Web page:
John Wick 3: Parabellum

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Wow! This movie was a wild ride from start to finish. I don’t even know where to begin, I want to call this a hot ass mess, but that would imply I didn’t like it. In fact, I loved it! But yes, it is a hot ass, but very enjoyable, cray-cray mess. its like a Jason Statham, Fast and Furious movie, only with a real budget, if you catch my meaning.

Like the last movie, it picks up where it left off, with Wick being hunted by the Assassin’s guild which he used to be a member of. He’s got to find some old colleagues to help him stay alive, and they of curse come immediately into danger. One of those old friends, Sofia,  is played by Halle Berry, who owns a couple of  Belgian Mallinois, that she has specifically trained to kick ass, on her command, and that part of the movie is lots of fun to watch. I don’t get to watch Halle kick ass too often, so watching this fifty plus year old Black woman throwing  hands was a real treat.

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Another treat was watching Mark Dacascos chew the scenery, and get some genuinely funny lines, as a major villain who just wants to take John down, and supplant him as the boogeyman of assassins. I hadn’t seen Mark in a while, so it was fun to watch this professional ass-kicker throw down, even if the bald head was kind of jarring.

In the meantime, while John is trying to get his shit together there’s an actual assassins cabal, that oversees the assassin’s guild. Since John was “excommunicated”, he’s gotten help from a few friends, including Lawrence Fishburne, as the King of New York, and all their lives are put in danger, because one of the rules is that if you are a member of the guild in good standing, you have to turn in those who are excommunicated.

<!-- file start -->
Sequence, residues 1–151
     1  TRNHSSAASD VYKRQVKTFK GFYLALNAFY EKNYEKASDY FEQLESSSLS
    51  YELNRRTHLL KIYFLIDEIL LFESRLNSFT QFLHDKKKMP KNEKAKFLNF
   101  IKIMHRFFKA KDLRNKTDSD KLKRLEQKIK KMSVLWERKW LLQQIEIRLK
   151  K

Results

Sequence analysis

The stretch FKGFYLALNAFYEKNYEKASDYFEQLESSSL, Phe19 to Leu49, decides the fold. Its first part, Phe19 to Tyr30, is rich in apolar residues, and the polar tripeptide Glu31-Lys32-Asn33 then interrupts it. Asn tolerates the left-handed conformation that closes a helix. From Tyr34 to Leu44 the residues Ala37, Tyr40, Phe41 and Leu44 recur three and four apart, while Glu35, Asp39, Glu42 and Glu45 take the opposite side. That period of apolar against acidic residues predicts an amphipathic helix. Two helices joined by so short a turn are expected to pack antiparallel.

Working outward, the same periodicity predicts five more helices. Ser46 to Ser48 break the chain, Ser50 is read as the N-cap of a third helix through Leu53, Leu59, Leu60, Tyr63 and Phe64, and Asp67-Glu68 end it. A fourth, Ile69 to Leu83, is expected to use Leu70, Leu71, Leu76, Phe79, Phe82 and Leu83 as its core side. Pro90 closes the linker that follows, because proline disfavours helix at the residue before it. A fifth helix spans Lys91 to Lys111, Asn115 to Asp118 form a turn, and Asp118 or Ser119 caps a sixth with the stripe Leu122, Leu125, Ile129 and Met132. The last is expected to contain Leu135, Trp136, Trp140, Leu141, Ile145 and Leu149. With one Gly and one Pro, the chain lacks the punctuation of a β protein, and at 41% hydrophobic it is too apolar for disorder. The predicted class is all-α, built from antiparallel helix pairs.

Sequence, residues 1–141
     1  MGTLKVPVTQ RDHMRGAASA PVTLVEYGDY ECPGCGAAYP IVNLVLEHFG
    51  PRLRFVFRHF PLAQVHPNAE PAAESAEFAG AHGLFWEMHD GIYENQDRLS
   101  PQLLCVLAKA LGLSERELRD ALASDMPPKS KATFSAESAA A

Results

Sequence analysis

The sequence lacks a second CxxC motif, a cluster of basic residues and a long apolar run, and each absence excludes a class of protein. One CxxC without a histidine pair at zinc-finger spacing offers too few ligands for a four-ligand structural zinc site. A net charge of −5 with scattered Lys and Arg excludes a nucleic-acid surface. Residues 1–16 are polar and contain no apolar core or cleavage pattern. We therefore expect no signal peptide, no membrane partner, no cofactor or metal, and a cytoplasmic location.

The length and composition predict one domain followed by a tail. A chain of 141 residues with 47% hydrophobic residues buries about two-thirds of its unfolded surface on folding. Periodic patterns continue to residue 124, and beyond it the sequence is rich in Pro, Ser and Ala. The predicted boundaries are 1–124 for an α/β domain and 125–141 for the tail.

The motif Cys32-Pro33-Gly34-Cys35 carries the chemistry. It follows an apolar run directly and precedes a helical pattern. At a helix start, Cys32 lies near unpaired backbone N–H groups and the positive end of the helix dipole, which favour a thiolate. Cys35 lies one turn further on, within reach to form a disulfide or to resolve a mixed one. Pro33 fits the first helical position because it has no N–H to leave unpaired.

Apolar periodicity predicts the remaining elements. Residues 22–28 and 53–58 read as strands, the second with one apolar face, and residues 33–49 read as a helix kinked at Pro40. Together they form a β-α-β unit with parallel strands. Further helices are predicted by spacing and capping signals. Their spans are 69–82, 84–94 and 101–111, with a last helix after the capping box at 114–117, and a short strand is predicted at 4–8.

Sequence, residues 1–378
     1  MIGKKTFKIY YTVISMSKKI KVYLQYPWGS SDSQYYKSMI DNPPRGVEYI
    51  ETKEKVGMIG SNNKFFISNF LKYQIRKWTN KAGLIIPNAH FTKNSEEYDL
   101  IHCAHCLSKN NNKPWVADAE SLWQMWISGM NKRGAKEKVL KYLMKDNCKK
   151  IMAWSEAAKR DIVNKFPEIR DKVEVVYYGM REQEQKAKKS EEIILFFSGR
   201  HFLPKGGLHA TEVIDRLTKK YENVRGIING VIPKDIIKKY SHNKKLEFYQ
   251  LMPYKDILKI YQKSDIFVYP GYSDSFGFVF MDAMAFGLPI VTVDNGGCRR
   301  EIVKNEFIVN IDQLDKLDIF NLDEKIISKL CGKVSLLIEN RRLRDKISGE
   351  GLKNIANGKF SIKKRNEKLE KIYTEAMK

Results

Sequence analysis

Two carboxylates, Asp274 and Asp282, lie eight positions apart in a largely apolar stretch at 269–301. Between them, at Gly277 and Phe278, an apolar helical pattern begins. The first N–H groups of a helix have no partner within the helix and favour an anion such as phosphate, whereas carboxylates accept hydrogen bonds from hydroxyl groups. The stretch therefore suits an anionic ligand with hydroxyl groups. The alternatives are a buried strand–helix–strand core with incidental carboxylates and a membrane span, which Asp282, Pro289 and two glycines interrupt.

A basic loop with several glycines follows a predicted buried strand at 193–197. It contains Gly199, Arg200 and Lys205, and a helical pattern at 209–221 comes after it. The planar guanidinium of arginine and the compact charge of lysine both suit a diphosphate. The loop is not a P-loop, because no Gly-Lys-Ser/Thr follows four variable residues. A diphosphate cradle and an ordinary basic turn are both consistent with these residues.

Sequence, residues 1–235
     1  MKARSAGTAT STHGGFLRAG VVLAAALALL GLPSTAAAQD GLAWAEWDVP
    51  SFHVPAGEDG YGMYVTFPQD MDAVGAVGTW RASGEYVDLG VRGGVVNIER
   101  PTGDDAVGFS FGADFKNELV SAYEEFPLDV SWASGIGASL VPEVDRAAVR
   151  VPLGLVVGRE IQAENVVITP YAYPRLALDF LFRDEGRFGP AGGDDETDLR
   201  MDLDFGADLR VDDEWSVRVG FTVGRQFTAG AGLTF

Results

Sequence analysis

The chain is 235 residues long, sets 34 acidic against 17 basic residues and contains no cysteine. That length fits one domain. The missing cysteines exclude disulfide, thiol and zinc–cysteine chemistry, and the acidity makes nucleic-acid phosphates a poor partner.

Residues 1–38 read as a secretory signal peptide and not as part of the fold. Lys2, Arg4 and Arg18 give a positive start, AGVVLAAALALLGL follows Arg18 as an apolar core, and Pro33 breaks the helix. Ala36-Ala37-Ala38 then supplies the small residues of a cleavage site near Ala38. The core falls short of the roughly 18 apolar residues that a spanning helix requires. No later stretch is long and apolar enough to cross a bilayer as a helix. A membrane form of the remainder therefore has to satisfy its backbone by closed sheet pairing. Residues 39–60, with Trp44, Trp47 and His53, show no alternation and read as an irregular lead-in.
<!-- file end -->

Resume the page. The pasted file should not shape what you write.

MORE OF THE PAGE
So the plot becomes a lot more complex, along with all the stuntwork. The John Wick movies are not especially deep, but they are great fun, even though they’re incredibly violent. Part of the reason people don’t mind the violence, quite so much, is that it’s de-mystified by the extras and behind the scenes videos, that show how are the stuntwork gets done, and watching the behind the scenes videos are just as much fun as watching

The State of the Union: Black Film Entertainment 2010-2020

Film

This is not a comprehensive list of movies released in the past ten years, that featured a Black cast, or had Black directors, or writers. This is just a list of movies, listed by year, that I thought were the most influential, that I actually watched, liked, or know other people really loved, for that particular year. There have been a lot more released than what’s on this list, but 2018 was a record year for the number of Black films released, and/or nominated for awards.

In my mind, the past ten years has been one of the Blackest decades in film, since the 90s, not just because of the number of movies released, but the quality of the films, and  the attention and writing  surrounding them, thanks to social media. Black Panther, and Get Out were probably two of the most written about Black films in cinema. There is an encyclopedic number of writings on these films, examining everything from the plot, themes, and  characters,  to wardrobe, and  hairstyles. In fact, writing about Black films has almost become an industry in itself.

 

2010

For Colored Girls – an adaptation of the book by Ntozake Shange, and written and directed by Tyler Perry.